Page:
There is a war being waged between criminals who want to infiltrate a company's defenses and cybersecurity professionals who are determined to keep their organizations safe. If all goes well, the security analysts can breathe a sigh of relief and head home at earthly hours, knowing that they’ve kept organizational systems and data secure. but on bad days, bleary-eyed analysts end up burning the midnight oil trying to plug breaches that could spell financial ruin for their companies if left unchecked. Despite all the time, money, and mindspace being poured into threat detection and response, analysts still often tread water when it comes to dealing with alerts.
Is Automation the Answer?
Automation is definitely part of the solution. It is an effective tool to reduce analyst effort and possibility of error in the face of repetitive attacks and false positives. With automation handling all the low-hanging fruit, analysts are freed up to deal with more sophisticated attacks and strategic thinking, thus increasing their productivity.
However, there are a few caveats that prevent automation from being a one-shot panacea to all analyst woes. However robust an automation system is, it will probably still leave behind a large number of alerts that analysts must work through. Moreover, even standard attacks have enough tweaks and eccentricities that analysts don’t feel entirely comfortable automating end-to-end containment and remediation. Therefore, a mix of machine-led and analyst-led decision making represents the ideal response mechanism to cyber attacks today.
The problem lies in finding this proper mix between manual activities and machine-driven responses. The solution lies in security orchestration.
What Is Security Orchestration?
It has become increasingly common in the industry to use the terms "automation" and "orchestration" interchangeably. Many cybersecurity professionals consider orchestration as simply the latest buzzword for automation or the latest phase of security automation. However, security orchestration can actually provide you with much more than mere automation.
Orchestration is a strategy of connecting and integrating disparate security tools and data to give security teams the sweeping functionality required to respond to threats. When executed correctly, orchestration streamlines processes and empowers analysts.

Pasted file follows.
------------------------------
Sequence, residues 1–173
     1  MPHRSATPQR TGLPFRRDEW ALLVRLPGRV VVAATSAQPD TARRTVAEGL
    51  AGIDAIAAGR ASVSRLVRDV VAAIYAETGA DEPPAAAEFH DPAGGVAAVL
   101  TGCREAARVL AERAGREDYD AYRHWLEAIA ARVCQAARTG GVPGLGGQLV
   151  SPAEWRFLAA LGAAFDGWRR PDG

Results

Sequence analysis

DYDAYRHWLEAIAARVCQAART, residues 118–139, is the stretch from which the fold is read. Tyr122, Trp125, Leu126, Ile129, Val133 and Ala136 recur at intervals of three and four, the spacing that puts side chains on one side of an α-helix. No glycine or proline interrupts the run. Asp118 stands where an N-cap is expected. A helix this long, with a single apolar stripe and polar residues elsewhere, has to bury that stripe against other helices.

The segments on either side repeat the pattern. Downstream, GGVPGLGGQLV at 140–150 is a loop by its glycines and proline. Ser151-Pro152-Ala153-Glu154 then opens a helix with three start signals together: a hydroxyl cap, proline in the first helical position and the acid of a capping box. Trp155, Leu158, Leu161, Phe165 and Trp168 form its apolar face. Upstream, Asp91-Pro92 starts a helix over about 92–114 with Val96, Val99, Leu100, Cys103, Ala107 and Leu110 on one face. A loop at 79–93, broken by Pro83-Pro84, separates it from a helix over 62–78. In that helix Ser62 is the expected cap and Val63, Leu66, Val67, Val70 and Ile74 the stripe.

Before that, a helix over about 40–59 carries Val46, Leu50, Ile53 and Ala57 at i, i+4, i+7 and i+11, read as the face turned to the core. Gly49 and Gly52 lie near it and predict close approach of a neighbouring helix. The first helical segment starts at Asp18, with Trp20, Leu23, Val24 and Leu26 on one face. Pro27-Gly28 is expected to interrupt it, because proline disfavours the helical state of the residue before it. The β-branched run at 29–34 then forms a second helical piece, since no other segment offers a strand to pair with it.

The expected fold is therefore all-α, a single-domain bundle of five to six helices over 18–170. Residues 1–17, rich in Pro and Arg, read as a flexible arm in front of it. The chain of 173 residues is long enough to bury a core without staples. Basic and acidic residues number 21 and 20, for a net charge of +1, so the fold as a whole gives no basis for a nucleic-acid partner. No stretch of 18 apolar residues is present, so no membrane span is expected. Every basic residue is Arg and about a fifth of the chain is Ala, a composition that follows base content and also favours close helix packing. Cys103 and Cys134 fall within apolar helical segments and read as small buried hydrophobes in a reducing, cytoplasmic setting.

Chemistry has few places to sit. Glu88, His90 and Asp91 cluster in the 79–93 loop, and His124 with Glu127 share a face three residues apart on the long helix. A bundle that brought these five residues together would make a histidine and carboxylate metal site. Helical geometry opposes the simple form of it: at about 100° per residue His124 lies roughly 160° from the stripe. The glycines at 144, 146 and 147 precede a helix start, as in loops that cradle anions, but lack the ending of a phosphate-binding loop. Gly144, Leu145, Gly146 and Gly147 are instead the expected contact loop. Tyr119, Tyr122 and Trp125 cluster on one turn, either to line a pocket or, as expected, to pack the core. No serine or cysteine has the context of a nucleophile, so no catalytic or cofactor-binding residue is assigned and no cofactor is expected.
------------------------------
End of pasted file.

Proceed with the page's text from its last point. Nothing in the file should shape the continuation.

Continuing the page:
Simply stated, finding and eradicating threats by reacting to individual alerts is a losing game. Humans need context to perform accurate assessments. Orchestration helps them develop a threat storyline that can provide the insights they need to respond to an alert correctly. Comprehensive orchestration can provide the capabilities to navigate operations and response from start to finish. Typically, the keystones of effective orchestration do not vary by team size or maturity level.
- Automation: Security automation requires a customized approach rather than a generic formula. The key is to maintain flexibility when integrating automation. For example, automation could encompass basic playbooks, the entire incident response, or portions of the workflow.
- Context: Contextual threat storylines that cover relationships across intelligence, alerts, and security data help analysts determine priorities and recognize trends.
- Staff Empowerment: Analysts need a 360-degree view of the incident to ensure that they eradicate the threat instead of just addressing symptoms. With the proper visibility and tools, analysts are able to intervene as needed during both investigation and response. The response process can be a coordinated effort that involves both machines and analysts.
Cyberattacks are only going to increase in the coming years. Currently, the average cost of a security breach is over $3 million, highlighting the need for companies to take them more seriously than ever. Many companies are actively recruiting cybersecurity analysts, but the talent gap has made it impossible for every organization to hire as many qualified analysts as they need. As of 2015, the U.S. Bureau of Labor Statistics reported that there were more than 200,000 unfilled cybersecurity jobs in the nation, while industry insiders predict a global shortfall of 1.5 million by 2019.
All these factors make it necessary for organizations to improve analyst productivity, increase the volume of mitigated threats, and shorten the time to remediation. To do their jobs properly, analysts need a comprehensive, single-pane orchestration platform to achieve the proper balance between human insight and automation.
At Demisto, we understand the challenges that you are facing. We can help you identify, manage and respond to threats in less time, reducing your response time and helping your team members be more productive. Our comprehensive platform can help you automate processes and workflow, manage incidents efficiently, automate threat hunting and improve collaboration. Contact us today to learn the many advantages you can gain.